Gas Sensor Calibration

Every sensor that measures a variable requires calibration. Calibration is the process of matching a sensor’s output to a known standard. If the two do not match, the sensor’s output is adjusted. If they match, the sensor is considered “calibrated.”

For example, when you set your home thermostat to 68 degrees Fahrenheit you expect it to turn the furnace on when the sensor reads 68 degrees. But how does a thermostat know what “68" or "degrees” is? The simple answer is that the thermostat was span calibrated to a known scale between 2 points: the temperature at which pure water freezes and its boiling point. These data points are used to precisely calibrate the sensor.

For gas sensors there are 3 methods of calibration:

  • Span (2-point) calibration
  • Single point calibration
  • Automatic Background Calibration

Span Calibration

Span or 2-point calibration is performed at the factory immediately after a gas sensor is manufactured or occasionally in the field. To perform a span calibration, a gas sensor is exposed to 2 gases, one with no target gas, and one with a known amount of the target gas.

Span calibration begins by exposing the sensor to a pure inert gas like nitrogen or argon. In the case of oxygen sensor calibration, the sensor’s reading for 0% oxygen is recorded in the sensor’s EPROM memory.

Next, the sensor is exposed to a known percentage of gas, often the highest level for which the sensor is rated. For example, a 25% oxygen sensor would be calibrated with 25% oxygen with the balance of the gas nitrogen or argon. After being exposed to the second known gas, the sensor's response is also recorded in the sensor's memory.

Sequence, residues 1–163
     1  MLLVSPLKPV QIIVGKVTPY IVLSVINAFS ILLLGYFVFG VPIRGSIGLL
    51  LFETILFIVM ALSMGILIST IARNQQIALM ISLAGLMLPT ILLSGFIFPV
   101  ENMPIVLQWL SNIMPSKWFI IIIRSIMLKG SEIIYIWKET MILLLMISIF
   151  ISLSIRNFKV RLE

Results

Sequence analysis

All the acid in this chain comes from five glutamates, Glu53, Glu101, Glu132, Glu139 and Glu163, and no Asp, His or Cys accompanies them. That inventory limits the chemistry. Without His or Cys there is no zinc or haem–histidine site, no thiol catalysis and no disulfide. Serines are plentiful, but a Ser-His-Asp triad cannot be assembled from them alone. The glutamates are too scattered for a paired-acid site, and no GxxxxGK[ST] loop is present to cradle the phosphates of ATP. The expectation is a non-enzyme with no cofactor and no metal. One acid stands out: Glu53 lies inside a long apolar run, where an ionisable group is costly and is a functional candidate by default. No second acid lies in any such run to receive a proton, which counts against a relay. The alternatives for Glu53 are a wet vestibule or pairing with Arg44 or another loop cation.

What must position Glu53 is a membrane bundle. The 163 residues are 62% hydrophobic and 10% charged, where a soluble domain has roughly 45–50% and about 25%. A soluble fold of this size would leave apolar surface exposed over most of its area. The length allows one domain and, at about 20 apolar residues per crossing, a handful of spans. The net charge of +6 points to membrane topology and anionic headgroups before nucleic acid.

calibration curve

Once these 2 points are known, a linear response to the gas concentration between the 2 points can be assumed. This is known as a calibration curve and is shown in the image above in blue.

In theory, every gas level readings between the 2 calibration points should fall on the blue line. In reality, some gas sensors do not have a precise linear response to different amounts of the target gas. In these cases, the manufacturer may perform 4 or more point calibrations to create a curved response line instead of a straight line.

Once the calibration curve is known, a calculation is performed in the sensor's memory so that for every gas level a concentration can be computed. This calculation may be as simple as a slope intercept for a straight line, or in the case of a curve, a slope of a curve formula called the derivative.

During span calibration, a second value called the zero-point adjustment is  stored in the sensor's memory. The zero-point adjustment is what the sensor reads when it is exposed to the zero calibration gas. This difference (shown as the red line in the image) is saved as an offset to the sensor’s actual reading when exposed to 0% gas.

For example, If an oxygen sensor reads 0.01% when exposed to 0.0% oxygen, a negative offset of “-0.01%” is stored in the sensor’s memory and applied to all  future readings.

Although the terms are used interchangeably, calibration is not the same as zero-point adjustment. While zero-point adjustment gives a more accurate sensor reading, span calibration is first required to match the sensor’s response curve to a known target gas.

While span calibration is always performed at the factory on every new sensor, in cases where precise accuracy is required, it may also be performed again in the field or by returning the sensor to the manufacturer. 

Single Point Calibration

Single point calibration is used when only one measurement point of a gas sensor is needed. It is useful in cases where maximum accuracy is less important than total cost. This is especially important when the sensor cannot be easily removed or taken out of service for bench top recalibration, or where there is not trained staff to perform the procedure.